Markets were in a tizzy this morning over the European Union's bailout of the tiny island country of Cyprus (for more on Cyprus and its deposit tax, click here). But by noon on Wall Street, traders had forgotten about Cyprus' financial difficulty (and, most likely, where the country is), and markets recovered somewhat. As of 3:25 p.m. EDT the Dow Jones Industrial Average (DJINDICES:^DJI) is down just 0.37%, while the S&P 500 (SNPINDEX:^GSPC) has fallen 0.54% for the day.
Showing just how little the Cyprus bailout mattered to the market, Bank of America (NYSE:BAC) barely budged today, up a penny at the time of writing. Competitor Goldman Sachs may get the most credit for that, having increased its U.S. GDP growth estimates to 2.9% this quarter and 2% next quarter. After passing the Fed's stress tests and getting more positive economic data, Bank of America has been on a roll in 2013.
Verizon Communication (NYSE:VZ) is up 1.6% after Citigroup analysts said it's likely Verizon will buy out Vodafone's 45% stake in Verizon Wireless. The two companies have been talking about a deal for years, but low interest rates and strong performance by the U.S. telecom giant make a deal attractive for both sides. Curiously, Vodafone is up only 1.3% today, even though it would likely be the bigger beneficiary because it can demand top dollar for its portion of Verizon Wireless.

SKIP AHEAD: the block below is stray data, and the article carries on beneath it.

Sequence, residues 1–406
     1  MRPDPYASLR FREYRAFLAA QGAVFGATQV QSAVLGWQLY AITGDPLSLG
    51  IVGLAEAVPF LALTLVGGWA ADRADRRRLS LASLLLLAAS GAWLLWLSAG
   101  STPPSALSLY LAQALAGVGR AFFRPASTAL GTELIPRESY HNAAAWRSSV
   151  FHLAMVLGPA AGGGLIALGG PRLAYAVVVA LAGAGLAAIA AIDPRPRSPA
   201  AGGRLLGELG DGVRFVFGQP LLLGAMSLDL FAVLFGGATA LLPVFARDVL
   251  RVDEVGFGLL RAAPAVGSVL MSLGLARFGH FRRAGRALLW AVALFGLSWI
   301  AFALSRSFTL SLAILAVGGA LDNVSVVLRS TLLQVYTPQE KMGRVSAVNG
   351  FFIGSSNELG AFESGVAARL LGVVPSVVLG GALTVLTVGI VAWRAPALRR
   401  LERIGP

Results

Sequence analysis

On the flip side, Boeing (NYSE:BA) is one of the Dow's biggest losers today, falling 1.4%. About 7,400 of the company's technical workers are voting on a contract that would replace pensions with 401(k) retirement plans. The plan has already been rejected in a close vote, but workers will vote again today, and the company hopes it will pass this time. The next step is a strike, of which Boeing has seen many and which may push back important production even more.
Fool contributor Travis Hoium manages an account that owns shares of Vodafone. The Motley Fool recommends Goldman Sachs and Vodafone Group. The Motley Fool owns shares of Bank of America. Try any of our Foolish newsletter services free for 30 days. We Fools may not all hold the same opinions, but we all believe that considering a diverse range of insights makes us better investors. The Motley Fool has a disclosure policy.